Many years ago an old friend and I were discussing the meaning of life. He said, “I don’t think the point of life is to accomplish a certain level of external success. I believe we’re actually here to acquire and enjoy experiences.”
That conversation took place about 15 years ago, and this idea has remained with me ever since. It’s a Zen-like philosophy because experiences imply living in the present while accomplishments dwell in the past or future. Reading this particular article is an experience, but you probably wouldn’t consider it an accomplishment… although reading some of my longer articles might qualify.
We’ve been socially conditioned to value accomplishments and events more than everyday experiences. Graduation day is more important than some random Tuesday in the middle of the semester. The day you get hired or promoted is more important than an uneventful work day. Your wedding day is more important than the day you saw a forgettable movie.
Accomplishments and events are certainly experiences too, but most experiences don’t qualify as either. You’ll likely spend most of your life experiencing non-events. It would be amazing if your accomplishments amounted to even 1% of your experiences. Saturation tends to reduce the occurrence of salient events. The time you spoke your first intelligible word was a major accomplishment, but speaking that same word isn’t such a grand achievement today. Regardless of how much you accomplish in your lifetime, you’ll probably still perceive most of your days as typical, normal, or routine.
If you’re going to spend most of your time experiencing rather than accomplishing, then perhaps it makes sense to focus on the quality of your daily experiences and not merely on the heights of your accomplishments. It’s nice to have a truly fantastic day where you accomplish something wonderful, but what about your normal days?
When you realize most of your life will be consumed by normal days rather than extraordinary ones, you may feel motivated to raise the overall quality of these normal days.
In the pursuit of a better normal day, here are ten changes I made that yielded strong positive results. Hopefully this list will trigger some ideas you’ll be able to apply as well. The overall concept is far more important than my particular menu of habits.
1. Getting an early start. Last year I successfully conditioned the habit of getting up at 5:00am every morning. Today I get up at 4:15am every morning, including weekends. I used to be a night owl, but I love the positive effect that rising early has had on my life. As you can imagine, the initial adaptation was very challenging, but like most ingrained habits, it’s trivially easy to maintain. Getting an early start to every day makes me feel energetic, alert, and productive. I have the time and energy to do things I couldn’t previously do. This has been one of the most empowering changes I’ve ever made because it yields tangible rewards every single day. If I could go back in time and install a new habit in my early 20s, this would be it. If this habit interests you, be sure to read How to Become an Early Riser
2. Physical exercise. I’ve gone through a variety of different workout patterns over the years. My current pattern is to hit the gym for 60-90 minutes first thing in the morning. I do three days of Karate and four days of weight-training each week. If I feel burnt out or if my progress slows to a crawl (symptoms of overtraining), I might take a day or two off or substitute a long walk instead. This habit yields massive benefits. Perhaps the most noticeable is that my mental clarity is much greater, and I can concentrate deeply for hours at a time. I think the minimum recommendation of exercising 20 minutes 3x per week is way too little. For me the major benefits don’t really kick in until I do at least 150 minutes of aerobic/cardio exercise per week — below that level I tend to stagnate instead of seeing my fitness level improve. This habit combines nicely with being an early riser, since I return home from my workouts before most people are awake.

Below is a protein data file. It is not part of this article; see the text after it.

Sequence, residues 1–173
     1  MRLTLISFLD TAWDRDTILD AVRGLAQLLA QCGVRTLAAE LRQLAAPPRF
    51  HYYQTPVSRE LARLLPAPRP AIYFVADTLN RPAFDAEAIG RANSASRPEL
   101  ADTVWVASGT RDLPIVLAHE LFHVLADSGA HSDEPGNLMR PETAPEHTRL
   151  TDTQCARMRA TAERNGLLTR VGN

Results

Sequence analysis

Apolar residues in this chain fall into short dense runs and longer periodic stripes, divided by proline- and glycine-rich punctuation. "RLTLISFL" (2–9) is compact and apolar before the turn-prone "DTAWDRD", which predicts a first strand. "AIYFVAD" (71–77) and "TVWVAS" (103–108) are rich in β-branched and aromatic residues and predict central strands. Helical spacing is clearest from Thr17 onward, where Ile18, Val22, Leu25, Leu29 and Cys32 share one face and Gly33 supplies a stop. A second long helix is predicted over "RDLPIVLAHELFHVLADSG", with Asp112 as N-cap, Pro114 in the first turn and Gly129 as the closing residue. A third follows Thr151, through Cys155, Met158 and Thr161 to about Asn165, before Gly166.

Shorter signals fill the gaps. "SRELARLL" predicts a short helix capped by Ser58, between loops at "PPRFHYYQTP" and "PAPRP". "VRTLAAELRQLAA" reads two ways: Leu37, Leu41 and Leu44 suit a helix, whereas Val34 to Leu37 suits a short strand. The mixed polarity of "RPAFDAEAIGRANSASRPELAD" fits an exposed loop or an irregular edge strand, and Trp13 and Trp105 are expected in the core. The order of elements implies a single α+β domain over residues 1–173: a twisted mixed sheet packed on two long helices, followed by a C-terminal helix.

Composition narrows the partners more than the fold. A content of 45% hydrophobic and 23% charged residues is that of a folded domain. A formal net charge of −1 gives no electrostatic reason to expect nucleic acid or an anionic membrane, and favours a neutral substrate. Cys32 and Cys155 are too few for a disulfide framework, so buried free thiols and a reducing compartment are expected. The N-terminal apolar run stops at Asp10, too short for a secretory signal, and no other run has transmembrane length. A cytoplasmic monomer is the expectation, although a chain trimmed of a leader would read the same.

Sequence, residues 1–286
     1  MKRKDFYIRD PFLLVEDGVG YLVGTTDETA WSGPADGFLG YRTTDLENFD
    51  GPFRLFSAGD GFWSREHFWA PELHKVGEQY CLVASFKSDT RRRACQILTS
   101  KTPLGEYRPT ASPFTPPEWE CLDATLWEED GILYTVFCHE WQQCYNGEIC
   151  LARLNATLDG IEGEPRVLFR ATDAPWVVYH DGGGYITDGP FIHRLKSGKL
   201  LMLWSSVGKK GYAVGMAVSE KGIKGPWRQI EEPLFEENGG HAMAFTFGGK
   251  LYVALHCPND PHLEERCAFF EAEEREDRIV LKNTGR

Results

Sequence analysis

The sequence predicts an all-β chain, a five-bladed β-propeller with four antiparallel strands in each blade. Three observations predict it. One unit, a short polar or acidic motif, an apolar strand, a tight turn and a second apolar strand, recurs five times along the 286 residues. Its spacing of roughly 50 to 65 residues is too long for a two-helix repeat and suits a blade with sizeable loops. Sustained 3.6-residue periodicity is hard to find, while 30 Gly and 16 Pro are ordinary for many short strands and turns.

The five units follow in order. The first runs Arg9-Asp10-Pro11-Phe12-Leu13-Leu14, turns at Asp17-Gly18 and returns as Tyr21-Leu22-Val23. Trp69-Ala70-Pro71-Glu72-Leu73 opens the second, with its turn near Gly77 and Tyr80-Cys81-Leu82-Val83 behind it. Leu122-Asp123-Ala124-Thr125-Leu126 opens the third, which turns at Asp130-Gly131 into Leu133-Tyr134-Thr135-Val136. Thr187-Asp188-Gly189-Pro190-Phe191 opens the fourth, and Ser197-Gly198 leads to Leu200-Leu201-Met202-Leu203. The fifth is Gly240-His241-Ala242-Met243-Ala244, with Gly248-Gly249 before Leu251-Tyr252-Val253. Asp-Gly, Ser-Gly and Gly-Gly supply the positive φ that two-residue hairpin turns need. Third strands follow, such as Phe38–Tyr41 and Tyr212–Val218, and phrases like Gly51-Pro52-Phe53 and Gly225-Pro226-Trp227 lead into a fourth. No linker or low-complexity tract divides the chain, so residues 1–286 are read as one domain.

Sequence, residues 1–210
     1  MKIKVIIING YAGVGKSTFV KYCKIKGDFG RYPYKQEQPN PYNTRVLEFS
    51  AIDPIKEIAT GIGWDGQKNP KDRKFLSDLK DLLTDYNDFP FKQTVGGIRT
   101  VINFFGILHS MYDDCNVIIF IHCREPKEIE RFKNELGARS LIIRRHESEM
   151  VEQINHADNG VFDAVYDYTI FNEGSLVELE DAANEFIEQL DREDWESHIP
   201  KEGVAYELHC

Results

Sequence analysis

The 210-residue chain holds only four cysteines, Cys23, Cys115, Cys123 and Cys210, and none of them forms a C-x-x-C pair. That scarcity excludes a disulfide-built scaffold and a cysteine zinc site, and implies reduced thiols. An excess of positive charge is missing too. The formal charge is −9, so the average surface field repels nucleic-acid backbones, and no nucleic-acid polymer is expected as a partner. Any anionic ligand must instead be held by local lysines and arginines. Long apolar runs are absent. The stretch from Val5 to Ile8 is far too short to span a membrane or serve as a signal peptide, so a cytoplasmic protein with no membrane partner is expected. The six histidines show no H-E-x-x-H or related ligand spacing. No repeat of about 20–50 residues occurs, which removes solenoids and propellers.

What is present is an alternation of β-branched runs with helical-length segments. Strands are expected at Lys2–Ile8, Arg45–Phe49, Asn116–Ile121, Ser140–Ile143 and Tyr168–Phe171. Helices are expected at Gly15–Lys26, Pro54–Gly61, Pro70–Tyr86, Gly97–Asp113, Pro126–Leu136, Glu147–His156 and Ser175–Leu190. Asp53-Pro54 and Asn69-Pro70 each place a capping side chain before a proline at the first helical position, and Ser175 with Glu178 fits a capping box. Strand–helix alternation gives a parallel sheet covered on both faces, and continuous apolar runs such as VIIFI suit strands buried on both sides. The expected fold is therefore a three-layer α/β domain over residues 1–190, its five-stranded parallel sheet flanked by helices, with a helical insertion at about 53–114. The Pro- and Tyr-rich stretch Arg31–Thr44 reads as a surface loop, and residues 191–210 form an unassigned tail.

3. Audio learning. While exercising I normally listen to personal development audio programs and podcasts. Sometimes I also listen while doing routine physical tasks like cooking or driving. I started this habit during college, and it has served me well for the past decade and a half. It doesn’t consume any extra time to do this, and it makes physical tasks more enjoyable. I still use the original ipod classic. By listening to inspirational and educational material every day, especially during my morning workout, I not only learn new ideas I can apply, but I also feel more positive throughout the day.
4. Meditation. After my morning workout and shower, I usually meditate for about 30 minutes. I prefer active visualization as opposed to trying to turn off all thought, although I sometimes enjoy the latter too. If my little guy is waking up when I get home, I delay the meditation until later in the morning, but I almost always do it before starting my workday. I get some of my best ideas while meditating, and I also use this time to visualize my goals and intentions. Plus I enjoy it. I don’t recall having any illnesses in the past year, so perhaps the combo of daily exercise and meditation keeps my immune system strong (both are known to be significant immune boosters).
5. Relaxing workspace. Since I spend the bulk of each workday in my home office, I’ve fashioned it into a peaceful and enjoyable place to work. With its trickling fountain, bamboo plants, and music, it serves as my private sanctuary. When I start work each day, I go through a 60-second ritual of turning on the fountain, and playing some music. I typically feel very relaxed and peaceful throughout the day, regardless of the type of work I’m doing. Transform your workspace into your favorite place to be, and watch the positive effect it has on your productivity. I’ve designed mine primarily for relaxation and focus, but you can design it around any state you wish. Use trial and error to see how various changes make you feel, and keep the ones that produce positive results. The basic idea is that when you feel good, you’ll be more productive. For details on how to relaxify your workspace, read Creating a Relaxing Workspace.